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First comprehensive analysis finds broad gains in U.S. student test scores over last five decades

·4-min read

Larger gains for students of color than for white students

Clear Progress for U.S. Students Over 50 Years of Testing

U.S. students are scoring higher on standardized tests in math and reading compared to their peers in decades past. An analysis of 7 million tests taken between 1971 and 2017 finds the biggest gains are among elementary-school students in math, whose median performance rose by 31 percent.
U.S. students are scoring higher on standardized tests in math and reading compared to their peers in decades past. An analysis of 7 million tests taken between 1971 and 2017 finds the biggest gains are among elementary-school students in math, whose median performance rose by 31 percent.

Growth Over Time for Students of All Racial and Ethnic Groups

Gaps in test performance are narrowing, with Hispanic, Black, and Asian students making greater progress in reading and math compared to white students.
Gaps in test performance are narrowing, with Hispanic, Black, and Asian students making greater progress in reading and math compared to white students.

Cambridge, Massachusetts, Aug. 09, 2022 (GLOBE NEWSWIRE) -- The math and reading achievement of U. S. students has been rising for half a century with Black, Hispanic, and Asian students showing steeper improvement than their white classmates, M. Danish Shakeel (University of Buckingham) and Paul E. Peterson (Harvard University) report in a new article for Education Next.

Read the full article at educationnext.org.

The analysis of more than 7 million tests taken by U.S. students born between 1954 and 2007 is the first of its kind, bringing together data from the National Assessment of Educational Progress, Long-Term Trend (LTT) Assessment, Trends in International Math and Science Study (TIMSS), Program for International Student Assessment (PISA), and Progress in International Reading Literacy Study (PIRLS). The authors estimate trends separately by testing program, subject, and grade level.

Among the key findings:

  • Clear progress for U.S. students over 50 years of testing in both subjects, but steeper gains in math than reading. In math, the performances of students, on average, rose by 19 percent of a standard deviation per decade, which over 50 years amounts to nearly four additional years of learning. In reading, the gains are only 4 percent of a standard deviation, just short of about one year of additional reading over the entire period.

  • Growth over time for students of all racial and ethnic groups. Gaps in test performance in both subjects are narrowing, with Hispanic, Black, and Asian students making greater progress in both subjects compared to white students. The Black-white test gap closed to about half its size at the beginning of the 50-year period; a similar trend is observed for the Hispanic-white gap. Asian students, who once trailed white students, now outperform them.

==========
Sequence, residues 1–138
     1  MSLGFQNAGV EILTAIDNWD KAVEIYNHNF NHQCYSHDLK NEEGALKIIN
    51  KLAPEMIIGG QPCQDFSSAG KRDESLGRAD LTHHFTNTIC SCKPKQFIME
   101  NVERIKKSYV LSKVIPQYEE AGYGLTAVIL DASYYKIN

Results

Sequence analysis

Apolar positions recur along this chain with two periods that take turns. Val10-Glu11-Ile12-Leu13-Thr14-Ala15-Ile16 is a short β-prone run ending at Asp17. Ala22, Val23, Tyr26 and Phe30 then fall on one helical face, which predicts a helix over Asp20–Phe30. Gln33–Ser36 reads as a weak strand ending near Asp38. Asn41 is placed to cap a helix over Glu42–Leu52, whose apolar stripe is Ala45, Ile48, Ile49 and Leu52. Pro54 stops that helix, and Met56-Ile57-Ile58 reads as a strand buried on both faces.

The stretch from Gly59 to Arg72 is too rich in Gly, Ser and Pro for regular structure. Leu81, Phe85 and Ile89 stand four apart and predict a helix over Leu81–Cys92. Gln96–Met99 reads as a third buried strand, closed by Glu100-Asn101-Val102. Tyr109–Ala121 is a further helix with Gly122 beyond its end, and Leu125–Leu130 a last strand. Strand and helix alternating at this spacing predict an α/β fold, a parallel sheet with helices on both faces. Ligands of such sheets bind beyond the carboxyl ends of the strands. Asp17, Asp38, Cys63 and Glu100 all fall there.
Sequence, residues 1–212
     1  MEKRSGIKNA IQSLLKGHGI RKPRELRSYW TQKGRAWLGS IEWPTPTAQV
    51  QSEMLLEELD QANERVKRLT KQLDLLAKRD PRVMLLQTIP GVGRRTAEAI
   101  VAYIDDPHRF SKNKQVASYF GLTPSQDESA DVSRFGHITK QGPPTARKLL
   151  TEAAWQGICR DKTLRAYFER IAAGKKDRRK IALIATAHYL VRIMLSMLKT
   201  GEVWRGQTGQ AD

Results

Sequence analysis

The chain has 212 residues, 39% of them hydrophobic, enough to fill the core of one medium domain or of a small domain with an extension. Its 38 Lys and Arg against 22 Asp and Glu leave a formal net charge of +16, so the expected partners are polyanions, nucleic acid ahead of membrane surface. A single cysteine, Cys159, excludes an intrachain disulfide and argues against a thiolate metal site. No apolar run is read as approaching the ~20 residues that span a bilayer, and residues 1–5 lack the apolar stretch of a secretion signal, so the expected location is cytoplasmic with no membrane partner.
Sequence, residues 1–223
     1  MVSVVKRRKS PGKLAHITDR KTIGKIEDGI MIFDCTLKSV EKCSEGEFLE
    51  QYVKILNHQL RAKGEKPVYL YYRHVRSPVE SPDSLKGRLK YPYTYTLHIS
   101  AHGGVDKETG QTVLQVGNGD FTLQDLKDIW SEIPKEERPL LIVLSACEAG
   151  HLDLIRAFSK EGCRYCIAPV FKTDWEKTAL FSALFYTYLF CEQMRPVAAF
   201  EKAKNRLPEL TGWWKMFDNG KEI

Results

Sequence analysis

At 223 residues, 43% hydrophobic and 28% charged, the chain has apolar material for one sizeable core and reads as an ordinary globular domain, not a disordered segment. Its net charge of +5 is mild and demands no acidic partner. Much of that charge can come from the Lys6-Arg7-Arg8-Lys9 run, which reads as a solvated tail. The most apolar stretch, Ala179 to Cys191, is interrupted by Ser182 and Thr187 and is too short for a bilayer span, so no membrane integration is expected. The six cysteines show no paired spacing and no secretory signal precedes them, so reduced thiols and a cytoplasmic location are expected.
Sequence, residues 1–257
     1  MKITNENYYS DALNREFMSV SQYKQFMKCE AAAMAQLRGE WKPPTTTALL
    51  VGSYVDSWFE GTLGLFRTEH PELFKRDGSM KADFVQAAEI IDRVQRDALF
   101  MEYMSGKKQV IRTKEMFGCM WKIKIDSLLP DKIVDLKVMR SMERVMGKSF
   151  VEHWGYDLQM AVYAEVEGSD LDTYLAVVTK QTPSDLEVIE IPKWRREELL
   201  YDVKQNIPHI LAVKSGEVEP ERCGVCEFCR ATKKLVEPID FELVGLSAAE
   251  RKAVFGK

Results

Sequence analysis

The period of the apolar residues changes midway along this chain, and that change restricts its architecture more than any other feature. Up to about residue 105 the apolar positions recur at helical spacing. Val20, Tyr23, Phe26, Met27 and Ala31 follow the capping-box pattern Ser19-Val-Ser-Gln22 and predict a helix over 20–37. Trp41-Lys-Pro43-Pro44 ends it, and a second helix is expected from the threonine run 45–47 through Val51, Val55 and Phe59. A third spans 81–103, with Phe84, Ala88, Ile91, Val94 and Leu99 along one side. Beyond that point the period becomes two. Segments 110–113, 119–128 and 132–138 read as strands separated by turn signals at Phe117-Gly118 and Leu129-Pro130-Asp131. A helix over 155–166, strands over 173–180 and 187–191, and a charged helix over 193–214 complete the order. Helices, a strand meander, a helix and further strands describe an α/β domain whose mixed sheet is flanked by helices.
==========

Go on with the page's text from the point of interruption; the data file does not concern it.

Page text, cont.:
• Steepest growth when students are tested at a younger age. Growth rates decrease when students enter adolescence and are much smaller by the time students near the end of K–12 schooling.

  • Larger gains for disadvantaged students in elementary school, but differences decline and are reversed as students age. Students in the bottom 25 percent of the socioeconomic distribution are making more progress than their classmates in the top 25 percent in both elementary and middle school. The differences shrink in middle school and by high school, the highest socioeconomic group makes larger gains. For all students, the achievement gap based on socioeconomic status closes by 3 percent of a standard deviation per decade in both reading and math, about a half years’ worth of learning over the entire period.

That math achievement has accelerated notably faster than reading performances may be due to improving environmental conditions for students when the brain is most malleable—in early childhood, or even before students are born—the authors say, drawing on recent studies in neurobiology and human intelligence. In particular, improved conditions for brain development may benefit student abilities to analyze abstract relationships crucial for math achievement.

“Policies benefiting children from the very beginning of life could have as much impact on academic achievement, especially in math, as focused interventions attempted when students are older,” Shakeel and Peterson write.

A more technical version of this article appears in Educational Psychology Review (March 2022) as “A Half Century of Progress in US Student Achievement: Agency and Flynn Effects, Ethnic and SES Differences.”

About the Author: Paul E. Peterson is a professor and director of the Program on Education Policy and Governance at Harvard University and a senior fellow at the Hoover Institution, Stanford University. M. Danish Shakeel is a professor and director of the E. G. West Centre for Education Policy at University of Buckingham, U. K.

About Education Next: Education Next is a scholarly journal committed to careful examination of evidence relating to school reform, published by the Education Next Institute and the Program on Education Policy and Governance at the Harvard Kennedy School. For more information, please visit educationnext.org.

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CONTACT: Jackie Jircitano Education Next 8144402299 jackie@alessicommunication.com